Spring is the perfect season to go camping on horseback. In most places, it’s not unbearably hot and dusty yet, but the temperature has warmed up enough to dry out muddy trails. Flowers and trees are budding and forests are full of beautiful greenery. Even desert plants are showing some color before enduring summer months.
What better way to enjoy this gorgeous time of year than making memories with family, friends, and your favorite animals? All across the country, state and national parks are opening up for camping and beating back brush on overgrown trails. Ranches are starting their weekend trip programs and if you own your own horses, they’re probably as fresh as the grass is and ready to get out of the barn.
Pack up your saddles, grab your gear, and pick a new destination to explore. Whether you’re an avid trail rider or heading out for the first time, it’s worth brushing up on tips and tricks for camping with horses.
Horse riding and camping may seem like a walk in the park (or at least a pretty relaxing vacation), but the trip is actually very physically demanding. Even if you ride regularly, you’ll want to make sure you’re in good shape before you depart. This means taking some extra long weekend rides at the barn and checking your abilities to complete challenging hikes.
In addition to fitness, you should prepare for hours in the saddle — even for seasoned riders, long trail days can be hard on your seat. Other physical aspects to consider include making sure you won’t get boot sores, having plenty of non-chafing clothing, packing ample sunscreen, and avoiding dealing with annoyances like dirt and dust in your glasses or contacts.
For peace of mind, make sure you’ve double and triple checked your destination and route, Understand what amenities are available, what restrictions are present on trails, and where you plan to spend your days. You can even read forums to find popular destinations or get a head’s up about weird rules or situations.
For Your Horses:
First and foremost, remember that your horses need to be in shape, too. They’re huge animals, but that doesn’t mean they’re indestructible. Even the most seasoned trail horse will have some kinks to work out after a winter of infrequent rides. To get your horse ready to for camping, make sure you’re pushing his or her fitness level in frequent rides, both long and short. If possible, head out on terrain like you’ll be camping in — if you plan to climb hills or you know the trail is uneven, look for something similar nearby to test your horse on.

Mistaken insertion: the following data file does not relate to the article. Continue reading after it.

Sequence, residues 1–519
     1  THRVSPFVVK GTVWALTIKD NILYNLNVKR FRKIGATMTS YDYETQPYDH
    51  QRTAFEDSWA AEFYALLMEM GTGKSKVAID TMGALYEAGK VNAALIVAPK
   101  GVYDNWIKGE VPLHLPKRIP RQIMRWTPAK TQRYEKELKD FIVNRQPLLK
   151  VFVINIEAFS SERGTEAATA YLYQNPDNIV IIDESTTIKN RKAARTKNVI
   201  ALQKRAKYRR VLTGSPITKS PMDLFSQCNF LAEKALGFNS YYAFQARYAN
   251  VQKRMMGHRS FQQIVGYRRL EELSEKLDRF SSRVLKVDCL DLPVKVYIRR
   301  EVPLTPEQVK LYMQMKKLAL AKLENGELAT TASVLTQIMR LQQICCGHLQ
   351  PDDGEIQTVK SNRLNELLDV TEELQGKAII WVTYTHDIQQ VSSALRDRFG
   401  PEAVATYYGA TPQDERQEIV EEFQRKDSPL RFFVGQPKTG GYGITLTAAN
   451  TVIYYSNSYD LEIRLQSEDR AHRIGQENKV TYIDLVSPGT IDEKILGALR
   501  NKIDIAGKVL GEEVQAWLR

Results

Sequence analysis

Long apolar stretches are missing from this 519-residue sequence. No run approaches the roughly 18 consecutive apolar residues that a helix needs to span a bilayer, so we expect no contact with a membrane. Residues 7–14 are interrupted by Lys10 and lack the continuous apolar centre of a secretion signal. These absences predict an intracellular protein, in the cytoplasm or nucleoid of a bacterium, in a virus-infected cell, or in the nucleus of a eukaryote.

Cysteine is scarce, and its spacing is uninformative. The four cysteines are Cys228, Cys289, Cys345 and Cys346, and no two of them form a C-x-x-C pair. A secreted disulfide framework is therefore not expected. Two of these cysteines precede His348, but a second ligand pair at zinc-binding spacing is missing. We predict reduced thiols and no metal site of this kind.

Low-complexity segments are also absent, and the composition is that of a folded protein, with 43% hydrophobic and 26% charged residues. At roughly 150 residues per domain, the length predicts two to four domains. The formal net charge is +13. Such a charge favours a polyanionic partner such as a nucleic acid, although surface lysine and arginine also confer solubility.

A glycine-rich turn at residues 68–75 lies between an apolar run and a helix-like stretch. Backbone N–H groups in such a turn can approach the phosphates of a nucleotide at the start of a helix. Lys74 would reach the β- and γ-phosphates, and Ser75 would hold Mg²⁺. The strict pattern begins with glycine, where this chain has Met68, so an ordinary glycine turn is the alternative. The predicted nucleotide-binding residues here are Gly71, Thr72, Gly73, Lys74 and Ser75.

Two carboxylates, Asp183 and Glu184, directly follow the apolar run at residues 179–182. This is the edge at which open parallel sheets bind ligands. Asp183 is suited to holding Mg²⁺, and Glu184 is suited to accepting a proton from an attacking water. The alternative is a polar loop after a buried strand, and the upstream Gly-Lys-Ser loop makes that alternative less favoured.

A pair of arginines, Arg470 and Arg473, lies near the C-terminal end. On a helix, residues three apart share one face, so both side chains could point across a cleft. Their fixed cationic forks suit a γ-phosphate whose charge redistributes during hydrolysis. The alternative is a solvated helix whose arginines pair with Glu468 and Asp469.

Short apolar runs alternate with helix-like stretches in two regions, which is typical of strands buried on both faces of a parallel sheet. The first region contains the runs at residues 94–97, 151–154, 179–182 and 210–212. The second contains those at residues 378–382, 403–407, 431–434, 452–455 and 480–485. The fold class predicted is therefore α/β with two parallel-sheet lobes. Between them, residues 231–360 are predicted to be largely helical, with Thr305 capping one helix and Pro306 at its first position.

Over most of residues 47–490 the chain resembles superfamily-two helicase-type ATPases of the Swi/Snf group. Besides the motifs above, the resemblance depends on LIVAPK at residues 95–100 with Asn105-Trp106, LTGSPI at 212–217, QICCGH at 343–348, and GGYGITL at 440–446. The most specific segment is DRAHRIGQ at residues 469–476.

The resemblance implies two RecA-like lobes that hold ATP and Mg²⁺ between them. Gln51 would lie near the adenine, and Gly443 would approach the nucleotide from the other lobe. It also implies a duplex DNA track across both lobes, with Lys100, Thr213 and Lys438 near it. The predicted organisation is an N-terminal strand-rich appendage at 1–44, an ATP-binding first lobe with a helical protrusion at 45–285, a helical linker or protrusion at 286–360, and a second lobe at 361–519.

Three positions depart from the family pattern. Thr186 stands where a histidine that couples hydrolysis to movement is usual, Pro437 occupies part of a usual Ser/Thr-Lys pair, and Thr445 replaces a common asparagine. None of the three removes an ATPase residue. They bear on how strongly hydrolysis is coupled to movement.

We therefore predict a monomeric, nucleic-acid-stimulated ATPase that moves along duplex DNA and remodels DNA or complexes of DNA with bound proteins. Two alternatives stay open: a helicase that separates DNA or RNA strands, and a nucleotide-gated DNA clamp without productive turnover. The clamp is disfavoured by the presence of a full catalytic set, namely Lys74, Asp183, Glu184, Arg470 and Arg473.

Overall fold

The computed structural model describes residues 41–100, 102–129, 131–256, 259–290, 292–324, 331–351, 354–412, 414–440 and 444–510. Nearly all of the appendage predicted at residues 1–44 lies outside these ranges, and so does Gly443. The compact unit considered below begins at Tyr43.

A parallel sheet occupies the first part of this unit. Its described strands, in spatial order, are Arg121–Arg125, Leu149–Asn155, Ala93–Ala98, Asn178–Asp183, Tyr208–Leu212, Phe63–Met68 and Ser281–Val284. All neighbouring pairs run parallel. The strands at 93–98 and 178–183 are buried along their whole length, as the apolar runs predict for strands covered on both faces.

As you’re getting your horse in shape, make sure they’re sound enough for the trail. A horse who spooks at unknown noise or unfamiliar animals won’t have a good time on the trails, and it won’t be fun for you, either. Introduce any new items in a controlled environment and expose your horse to as much as possible, including loud people, bicyclists, and moving water.
Finally, for your horse’s safety, learn about local flora and fauna that may pose a risk. If your horse gets stung or nibbles on a plant they shouldn’t, it can delay or derail your trip altogether.
For Your Gear:
Horseback riding requires a lot of equipment. Camping requires a lot of equipment. Ergo, horseback camping requires A LOT of equipment. The best advice we can give you is to minimize what you bring with you, but not at the expense of safety.
One place you never want to cut corners is your first aid kit. When you’re on unfamiliar terrain dealing with unpredictable animals (both humans and horses), injuries are very possible. You want to be prepared for cuts, bruises, strains, bites, and stings. So while cutting back on your first aid gear isn’t recommended, some items are multi-use; I can say from experience that vet wrap works just as well on humans as it does on horses.
Make sure to pack layers. Spring weather is fickle, and depending on the area and altitude, it can go from summer-like warmth to overcast and snowing in the space of a few hours. Be prepared with layers for both you and your horse.
Finally, whether you’re planning on RV camping in a paved spot with hookups and all the amenities or just pitching a tent by a stream bank, choose the right equipment for the job. An RV allows you to pack more and have easier meal prep, but you might be more inclined to get down and dirty. Either way, make sure you have a safe and secure place for your horses and be aware of any predators that might be in the area. That way, everyone returns home safe and sound for more adventures.